Children and the Language Shift: Factors Affecting English Usage at Home among U.S. Immigrant Groups

Kris R. Noam, University of California, Irvine
Susan K. Brown, University of California, Irvine

This research investigates factors likely to influence the tendency to speak English at home among immigrant households. Because U.S. immigrant groups who have lower levels of education or who come from low-education countries gain the most from their children's acquisition of English, we hypothesize that for these groups, the presence of a preschool child will be especially likely to relate positively to English-speaking at home. We test this and other hypotheses using 2008-2010 American Community Survey data for immigrant married-couple households (defined as those with at least one parent coming to the country after age 12) across groups of immigrants from 15 different countries or country groupings. Results are generally consistent with the hypotheses. The findings illustrate the importance of taking both household-level and country of origin-level contextual factors into account in explaining linguistic usage patterns.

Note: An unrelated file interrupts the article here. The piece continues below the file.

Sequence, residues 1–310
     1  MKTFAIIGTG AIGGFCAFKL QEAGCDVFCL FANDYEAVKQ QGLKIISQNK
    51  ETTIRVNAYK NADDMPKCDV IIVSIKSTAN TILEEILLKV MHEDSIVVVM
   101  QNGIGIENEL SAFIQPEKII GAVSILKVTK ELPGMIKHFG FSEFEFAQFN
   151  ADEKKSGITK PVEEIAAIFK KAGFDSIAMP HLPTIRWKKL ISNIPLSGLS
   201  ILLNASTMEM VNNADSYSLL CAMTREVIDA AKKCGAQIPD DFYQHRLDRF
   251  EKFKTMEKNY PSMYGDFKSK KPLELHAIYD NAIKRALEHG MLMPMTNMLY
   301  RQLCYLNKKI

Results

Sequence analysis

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Presented in Session 182: Immigrant Assimilation in the United States and Europe